On Wednesday, the House passed the George Floyd Justice in Policing Act, a reform bill that would ban chokehold and alter so-called qualified immunity for law enforcement.

The vote was 220-212, mostly along party lines, and came nine months after Floyd, a 46-year-old black man, was killed by Minneapolis police officers last spring.

The legislation would also ban no-knock warrants in certain cases, mandate data collection on police encounters, prohibit racial and religious profiling and redirect funding to community-based policing programs.

In a debate on the House floor Wednesday night before the vote, Rep. Ilhan Omar (D-Minnesota) said Minneapolis is still traumatized by Floyd’s death. “Time and time again, we have witnessed the people who are sworn to protect our communities abuse their power,” she said.

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The trial of Derek Chauvin, the former police officer charged with killing Floyd, is scheduled to begin in Minneapolis on March 8. He is facing second-degree murder and manslaughter charges. The other officers involved in Floyd’s killing will be tried at a separate hearing in August.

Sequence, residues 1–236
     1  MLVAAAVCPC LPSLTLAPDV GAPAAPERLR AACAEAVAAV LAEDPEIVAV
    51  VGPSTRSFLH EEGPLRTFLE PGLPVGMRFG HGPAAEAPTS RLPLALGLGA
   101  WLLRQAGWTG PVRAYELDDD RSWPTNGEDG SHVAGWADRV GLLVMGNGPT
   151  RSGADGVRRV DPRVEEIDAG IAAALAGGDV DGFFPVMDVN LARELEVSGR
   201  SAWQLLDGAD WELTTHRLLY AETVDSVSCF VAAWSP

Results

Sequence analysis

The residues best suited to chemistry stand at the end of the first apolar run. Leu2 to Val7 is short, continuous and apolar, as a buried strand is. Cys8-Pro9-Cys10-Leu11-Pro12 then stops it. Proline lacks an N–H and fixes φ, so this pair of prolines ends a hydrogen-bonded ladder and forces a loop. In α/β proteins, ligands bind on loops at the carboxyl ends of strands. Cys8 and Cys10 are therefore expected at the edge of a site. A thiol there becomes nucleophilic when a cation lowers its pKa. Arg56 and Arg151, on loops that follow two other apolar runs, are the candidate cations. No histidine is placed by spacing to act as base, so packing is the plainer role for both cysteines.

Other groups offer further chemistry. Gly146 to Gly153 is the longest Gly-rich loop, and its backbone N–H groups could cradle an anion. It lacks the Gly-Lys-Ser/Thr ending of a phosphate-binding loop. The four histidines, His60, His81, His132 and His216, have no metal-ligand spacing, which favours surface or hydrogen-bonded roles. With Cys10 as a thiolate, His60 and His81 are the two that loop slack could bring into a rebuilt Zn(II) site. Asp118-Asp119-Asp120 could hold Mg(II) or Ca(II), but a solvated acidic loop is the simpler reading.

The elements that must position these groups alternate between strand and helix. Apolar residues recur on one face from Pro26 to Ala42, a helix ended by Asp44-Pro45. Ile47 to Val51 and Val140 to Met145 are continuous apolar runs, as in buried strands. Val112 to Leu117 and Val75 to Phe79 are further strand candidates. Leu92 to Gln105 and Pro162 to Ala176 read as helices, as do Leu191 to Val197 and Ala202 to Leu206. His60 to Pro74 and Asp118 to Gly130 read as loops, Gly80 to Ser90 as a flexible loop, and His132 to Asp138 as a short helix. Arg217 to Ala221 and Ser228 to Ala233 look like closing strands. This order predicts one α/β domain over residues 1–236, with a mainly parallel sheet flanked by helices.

A similar version of the bill was passed by the House last year but was never considered by the Republican-dominated Senate. Now, Democrats control the Senate but would have to sway at least 10 Republican members for the bill to pass.

Republicans believe the legislation would prevent police from doing their job effectively. Rep. Carlos Gimenez (R-Florida) said that the bill would “weaken and possibly destroy our community’s police forces during the Senate meeting.”

The Biden administration released the following statement earlier this week, urging the House to vote in favor of the proposal:

“To make our communities safe, we must begin by rebuilding trust between law enforcement and the people they are entrusted to serve and protect. We cannot rebuild that trust if we do not hold police officers accountable for abuses of power and tackle systemic misconduct and systemic racism in police departments.”

Rep. Karen Bass (D-California) spoke about the legislation and its goals. “Never again should an unarmed individual be murdered or brutalized by someone who is supposed to serve and protect them,” she said. “Never again should the world be subject to witnessing what we saw happen to George Floyd in the streets in Minnesota.”

President Joe Biden posted a tweet Monday promoting the bill. “Following Senate consideration, I hope to be able to sign into law a landmark police reform bill,” he said.

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